James Conner's 2019 approach: 'I haven't earned anything'

PITTSBURGH -- James Conner's experience showed during a media session after Tuesday's organized team activities, which shouldn't surprise given his battle-tested first two NFL seasons.

The Steelers running back entered his rookie year in 2017 with much fanfare but admittedly left it humbled. Conner's sophomore breakout coincided with the biggest storyline of the NFL season as Le'Veon Bell challenged the system with a yearlong holdout on the franchise tag.

Conner was tasked with replacing an All-Pro and friend while handling a new set of expectations on the fly. The result was a Pro Bowl campaign, and now a tone-setting leadership presence that became fairly obvious Tuesday.

Instead of declaring himself the Steelers' top back, Conner cut in the open field. "I haven't earned anything," Conner said. "That's what training camp and everything is for."

Asked whether a wild offseason that included wide receiver Antonio Brown's departure motivated the team, Conner said without hesitation, "We’re just motivated by a Super Bowl."

"From the outside looking in people might think it’s like some chaos or something," said Conner, addressing the aftermath of the Brown and Bell sagas that tested the team's resolve. "Really we’re a tight-knit group. That locker room is incredible. With all the guys in there, the camaraderie, everybody loves each other, really. People might think it’s chaos, but it’s not like that at all."

If a tight team is built on competition and respect, Conner sounds eager to emphasize both in the running back room.

Despite averaging nearly 21 touches per game last season on his way to 13 total touchdowns, Conner says he's completely open to sharing the ball with backfield mates Jaylen Samuels, who's a skilled pass-catcher, and fourth-round rookie Benny Snell Jr.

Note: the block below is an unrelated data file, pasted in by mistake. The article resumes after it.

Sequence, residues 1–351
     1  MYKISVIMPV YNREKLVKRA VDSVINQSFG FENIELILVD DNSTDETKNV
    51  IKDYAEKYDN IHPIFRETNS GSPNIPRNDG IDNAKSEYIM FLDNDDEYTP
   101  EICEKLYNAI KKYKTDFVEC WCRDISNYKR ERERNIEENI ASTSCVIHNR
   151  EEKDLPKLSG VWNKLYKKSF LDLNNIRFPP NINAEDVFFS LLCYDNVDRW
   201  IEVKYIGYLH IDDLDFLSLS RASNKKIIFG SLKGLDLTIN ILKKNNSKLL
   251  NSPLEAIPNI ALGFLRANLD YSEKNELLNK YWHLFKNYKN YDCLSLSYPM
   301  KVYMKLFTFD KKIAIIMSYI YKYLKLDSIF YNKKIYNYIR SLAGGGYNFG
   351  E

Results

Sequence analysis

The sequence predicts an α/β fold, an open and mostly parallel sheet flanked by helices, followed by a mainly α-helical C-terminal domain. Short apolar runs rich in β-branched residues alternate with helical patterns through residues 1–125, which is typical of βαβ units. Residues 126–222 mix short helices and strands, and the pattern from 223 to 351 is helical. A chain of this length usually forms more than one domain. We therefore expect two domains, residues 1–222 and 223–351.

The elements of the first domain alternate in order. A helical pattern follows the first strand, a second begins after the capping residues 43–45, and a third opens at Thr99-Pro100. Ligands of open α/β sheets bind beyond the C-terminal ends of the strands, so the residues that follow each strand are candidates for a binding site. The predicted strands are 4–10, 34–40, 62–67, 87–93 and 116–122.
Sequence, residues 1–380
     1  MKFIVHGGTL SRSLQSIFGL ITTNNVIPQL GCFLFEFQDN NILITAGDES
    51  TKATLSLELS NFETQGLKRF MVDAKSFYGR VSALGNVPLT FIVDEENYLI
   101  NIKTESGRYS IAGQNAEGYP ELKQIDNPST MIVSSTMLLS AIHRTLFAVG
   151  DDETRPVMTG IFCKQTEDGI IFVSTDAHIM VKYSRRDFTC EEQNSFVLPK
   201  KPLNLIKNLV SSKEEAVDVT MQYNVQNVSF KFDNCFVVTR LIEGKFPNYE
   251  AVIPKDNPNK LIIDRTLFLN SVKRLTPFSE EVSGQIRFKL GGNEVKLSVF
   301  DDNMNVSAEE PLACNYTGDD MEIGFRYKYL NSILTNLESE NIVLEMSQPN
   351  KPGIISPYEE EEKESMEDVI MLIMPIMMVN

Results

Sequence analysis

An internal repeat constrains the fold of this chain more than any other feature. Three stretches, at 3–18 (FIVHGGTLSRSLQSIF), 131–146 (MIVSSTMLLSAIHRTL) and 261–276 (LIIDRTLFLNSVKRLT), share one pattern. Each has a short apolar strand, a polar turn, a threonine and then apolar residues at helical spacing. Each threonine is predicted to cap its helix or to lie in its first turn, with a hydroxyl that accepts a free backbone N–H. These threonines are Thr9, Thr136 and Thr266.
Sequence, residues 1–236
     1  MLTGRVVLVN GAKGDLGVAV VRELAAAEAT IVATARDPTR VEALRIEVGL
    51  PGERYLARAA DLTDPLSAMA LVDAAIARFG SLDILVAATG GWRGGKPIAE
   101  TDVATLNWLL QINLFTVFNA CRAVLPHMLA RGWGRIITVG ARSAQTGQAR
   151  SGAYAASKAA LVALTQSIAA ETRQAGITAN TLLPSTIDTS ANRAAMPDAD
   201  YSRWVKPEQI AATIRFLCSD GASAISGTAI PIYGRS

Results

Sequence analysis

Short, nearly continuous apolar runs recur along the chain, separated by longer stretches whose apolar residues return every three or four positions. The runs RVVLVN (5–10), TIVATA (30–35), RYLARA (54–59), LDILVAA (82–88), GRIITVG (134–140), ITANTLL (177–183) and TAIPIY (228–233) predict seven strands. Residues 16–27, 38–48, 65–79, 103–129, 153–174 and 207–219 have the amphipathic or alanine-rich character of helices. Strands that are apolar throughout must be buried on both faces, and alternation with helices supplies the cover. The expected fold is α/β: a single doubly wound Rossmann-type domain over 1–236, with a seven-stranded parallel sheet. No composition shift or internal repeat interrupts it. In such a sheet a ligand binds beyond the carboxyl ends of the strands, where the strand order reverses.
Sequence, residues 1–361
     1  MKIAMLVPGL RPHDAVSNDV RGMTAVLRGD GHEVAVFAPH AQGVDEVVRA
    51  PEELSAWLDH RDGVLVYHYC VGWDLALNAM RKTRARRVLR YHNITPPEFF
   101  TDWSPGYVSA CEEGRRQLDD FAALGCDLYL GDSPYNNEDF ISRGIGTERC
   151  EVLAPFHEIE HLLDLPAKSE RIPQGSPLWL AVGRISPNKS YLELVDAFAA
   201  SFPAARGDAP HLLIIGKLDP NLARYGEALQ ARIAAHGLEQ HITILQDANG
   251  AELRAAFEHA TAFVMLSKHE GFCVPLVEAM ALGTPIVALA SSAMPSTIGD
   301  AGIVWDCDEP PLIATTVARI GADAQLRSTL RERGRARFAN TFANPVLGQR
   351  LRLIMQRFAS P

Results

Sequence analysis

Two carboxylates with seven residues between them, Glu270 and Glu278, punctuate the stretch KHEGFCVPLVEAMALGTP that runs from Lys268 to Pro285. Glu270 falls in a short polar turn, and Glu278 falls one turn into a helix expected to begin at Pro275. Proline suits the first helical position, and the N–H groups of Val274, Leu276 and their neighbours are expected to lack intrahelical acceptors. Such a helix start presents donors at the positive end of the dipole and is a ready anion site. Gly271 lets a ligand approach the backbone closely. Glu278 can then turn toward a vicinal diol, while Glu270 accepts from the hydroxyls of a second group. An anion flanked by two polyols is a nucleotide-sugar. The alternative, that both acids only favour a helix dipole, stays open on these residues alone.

Samuels told the Post-Gazette certain packages could have Samuels and Conner on the field at the same time. And Conner sees similarities between himself and Snell, who was a workhorse, physical back at Kentucky like Conner at Pitt.

"Who doesn’t like carrying the ball?" Conner asked. "But if you look around the league, a lot of teams are really successful using multiple backs. That’s how you win games is with depth. I’m all for that. Those guys are talented, can make plays. They can make some plays I can’t make. I’m all for it.”

Conner and receiver JuJu Smith-Schuster will be offensive pillars alongside Ben Roethlisberger, but Conner makes clear the team needs everyone on the roster to flourish. Shared experiences such as Roethlisberger recently hosting offensive players at his Georgia lake house will strengthen friendships and translate on Sundays, Conner said.

"Everything is not just competition and who can make the most plays on the field," Conner said. "It’s important to be a good person and have good character. I’m learning that throughout my time in this league. It’s not just the guy who makes plays who stays around the longest, though that’s a huge part of it. But a lot of other things go into it as well.”

Year 3 will showcase Conner without interruption. No more storylines about the star player he's replacing. No more questions about the NFL transition. The moment is his, and Conner seems ready to share it.

"No players motivate us. We’re motivated by a trophy," he said.